Tim's term 'newly disclosed theological data' is an interesting one. At Chalcedon, at least, there was no new 'data' as such - there was a pressing politico-religious situation (politics and religion were joined hip and thigh at the time) that needed to be 'solved', and powers were brought to bear to come up with a solution, and one was found. It had the advantage that noone really understood it, but it seemed to do the job for awhile. :-)

Thanks for the reply, Dave.

By "newly disclosed theological data" I meant the data, now disclosed to the Church, that the Holy Spirit had led the Church in declaring this new Christology, to be accepted by all the faithful. That Christology, provided by the reliable process of an ecumenical council, is the data that the Catholic or Orthodox Christian metaphysician sees as non-ad-hoc motivation for tweaking metaphysical theses.

I don't see that the formulation of Chalcedon is incoherent. And I don't believe that no one really understood it. Was Leo really ignorant of the content of his Tome? Why think that - if you do think that (the smiley makes me unsure)?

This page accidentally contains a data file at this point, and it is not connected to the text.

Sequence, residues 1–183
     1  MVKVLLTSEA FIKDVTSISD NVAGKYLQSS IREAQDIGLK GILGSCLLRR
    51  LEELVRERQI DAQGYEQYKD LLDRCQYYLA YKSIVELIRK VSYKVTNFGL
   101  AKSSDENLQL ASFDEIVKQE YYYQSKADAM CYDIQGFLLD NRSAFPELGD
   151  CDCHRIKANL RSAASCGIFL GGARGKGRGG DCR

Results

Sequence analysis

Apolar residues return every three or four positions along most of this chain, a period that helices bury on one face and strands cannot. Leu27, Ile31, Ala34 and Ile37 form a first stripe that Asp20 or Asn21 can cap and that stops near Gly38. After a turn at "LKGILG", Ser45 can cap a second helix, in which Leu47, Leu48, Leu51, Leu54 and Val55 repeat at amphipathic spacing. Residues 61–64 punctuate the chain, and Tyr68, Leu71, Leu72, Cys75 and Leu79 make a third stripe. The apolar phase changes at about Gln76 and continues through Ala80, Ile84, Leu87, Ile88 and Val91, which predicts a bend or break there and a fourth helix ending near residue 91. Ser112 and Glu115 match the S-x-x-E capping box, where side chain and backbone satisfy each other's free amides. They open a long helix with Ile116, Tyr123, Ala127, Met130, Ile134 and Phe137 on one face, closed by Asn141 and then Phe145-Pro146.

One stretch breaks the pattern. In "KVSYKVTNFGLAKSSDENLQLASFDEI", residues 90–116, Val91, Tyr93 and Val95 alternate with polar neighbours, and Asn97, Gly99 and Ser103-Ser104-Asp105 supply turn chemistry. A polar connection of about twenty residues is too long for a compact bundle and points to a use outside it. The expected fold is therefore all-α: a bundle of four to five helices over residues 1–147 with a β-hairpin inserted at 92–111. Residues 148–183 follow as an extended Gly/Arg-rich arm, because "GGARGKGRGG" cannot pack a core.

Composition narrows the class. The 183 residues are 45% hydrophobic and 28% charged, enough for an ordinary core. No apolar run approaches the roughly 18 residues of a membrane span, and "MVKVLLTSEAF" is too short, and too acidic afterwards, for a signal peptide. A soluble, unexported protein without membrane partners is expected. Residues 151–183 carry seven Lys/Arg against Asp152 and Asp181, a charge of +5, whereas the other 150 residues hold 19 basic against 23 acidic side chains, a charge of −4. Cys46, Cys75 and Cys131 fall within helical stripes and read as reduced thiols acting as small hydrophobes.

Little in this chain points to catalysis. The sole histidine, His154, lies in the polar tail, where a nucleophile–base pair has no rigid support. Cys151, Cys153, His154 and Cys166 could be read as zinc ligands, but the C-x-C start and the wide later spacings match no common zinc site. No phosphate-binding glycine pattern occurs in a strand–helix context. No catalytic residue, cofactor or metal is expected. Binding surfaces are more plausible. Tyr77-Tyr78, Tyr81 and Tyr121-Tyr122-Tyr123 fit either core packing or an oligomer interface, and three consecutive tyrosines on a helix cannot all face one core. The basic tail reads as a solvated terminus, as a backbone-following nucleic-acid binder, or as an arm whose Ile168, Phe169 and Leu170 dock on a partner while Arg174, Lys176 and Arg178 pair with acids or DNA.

Tim, I think that sometime you and I could have a long and enjoyable discussion about this, really.
I'm sure Leo understood the content just fine - but 'understanding' does not imply that one is understanding something 'true'. Remember the epicycles!
(As a religious matter - I am leery of 'new revelations' of any kind, since the closing of the canon, especially those that demand acceptance (keyword: demand). But I know that we come from different traditions).
Also it is difficult for me to accept that the Holy Spirit would communicate something incoherent, which is why this thread is so interesting to me.
While I'm typing this, there is a news story on Fox about a man seeing a picture of a bearded Jesus in his wife's fried chicken!
I do believe our discussion here is on a different - dare I say, higher? - level. :-)

Backing up Tim here, I will also contend that people understood at least to some extent. Otherwise the "Second Council of Ephesus" held in 449 would not have been entirely overturned by Chalcedon two years later, and Egyptian monks wouldn't have killed Flavian, the (intended) recipient of Leo's venerable Tome, and so on. Admittedly it took another 230 years (and two more ecumenical councils) to work out all the kinks (like how it is that Cyril taught one nature in Christ, and yet agrees with Leo...), but the Alexandrians certainly understood the Chalcedonian formula well enough to know that it disagreed with their understanding of Cyril's teaching--thus the Oriental Orthodox Churches that exist to this day.